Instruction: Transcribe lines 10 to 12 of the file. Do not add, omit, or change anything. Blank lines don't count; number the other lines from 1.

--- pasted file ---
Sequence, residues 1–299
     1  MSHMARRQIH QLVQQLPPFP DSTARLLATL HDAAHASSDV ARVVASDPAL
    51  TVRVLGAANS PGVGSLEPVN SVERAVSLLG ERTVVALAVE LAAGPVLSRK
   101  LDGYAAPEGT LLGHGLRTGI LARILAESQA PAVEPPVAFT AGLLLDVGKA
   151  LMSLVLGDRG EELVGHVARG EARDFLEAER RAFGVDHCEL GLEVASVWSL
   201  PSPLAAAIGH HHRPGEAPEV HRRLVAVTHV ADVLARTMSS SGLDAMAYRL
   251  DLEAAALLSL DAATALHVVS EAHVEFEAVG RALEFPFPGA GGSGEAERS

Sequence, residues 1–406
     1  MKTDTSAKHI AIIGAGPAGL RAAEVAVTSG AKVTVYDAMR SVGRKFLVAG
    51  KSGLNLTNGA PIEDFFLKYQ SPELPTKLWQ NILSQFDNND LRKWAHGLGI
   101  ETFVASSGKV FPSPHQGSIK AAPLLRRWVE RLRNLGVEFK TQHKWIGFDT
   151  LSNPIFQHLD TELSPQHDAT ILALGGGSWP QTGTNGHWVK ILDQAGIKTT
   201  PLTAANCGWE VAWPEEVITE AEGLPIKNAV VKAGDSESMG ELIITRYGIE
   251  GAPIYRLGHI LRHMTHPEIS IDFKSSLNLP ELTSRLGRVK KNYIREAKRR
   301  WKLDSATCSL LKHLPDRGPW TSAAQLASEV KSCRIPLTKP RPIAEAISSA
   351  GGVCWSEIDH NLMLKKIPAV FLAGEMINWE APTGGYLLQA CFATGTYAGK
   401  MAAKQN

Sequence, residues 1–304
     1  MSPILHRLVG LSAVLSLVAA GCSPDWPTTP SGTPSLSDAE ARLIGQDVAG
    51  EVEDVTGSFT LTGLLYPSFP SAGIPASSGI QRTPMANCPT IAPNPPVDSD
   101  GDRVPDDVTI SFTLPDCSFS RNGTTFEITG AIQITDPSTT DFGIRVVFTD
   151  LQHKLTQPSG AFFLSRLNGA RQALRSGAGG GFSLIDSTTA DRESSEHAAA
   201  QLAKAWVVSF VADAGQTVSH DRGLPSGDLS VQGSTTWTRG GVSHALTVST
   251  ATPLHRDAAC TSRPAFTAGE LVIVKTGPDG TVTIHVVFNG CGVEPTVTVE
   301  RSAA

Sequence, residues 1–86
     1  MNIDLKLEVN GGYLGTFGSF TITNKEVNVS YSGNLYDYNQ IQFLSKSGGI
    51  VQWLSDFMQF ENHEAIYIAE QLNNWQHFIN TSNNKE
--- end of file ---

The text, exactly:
    51  KSGLNLTNGA PIEDFFLKYQ SPELPTKLWQ NILSQFDNND LRKWAHGLGI
   101  ETFVASSGKV FPSPHQGSIK AAPLLRRWVE RLRNLGVEFK TQHKWIGFDT
   151  LSNPIFQHLD TELSPQHDAT ILALGGGSWP QTGTNGHWVK ILDQAGIKTT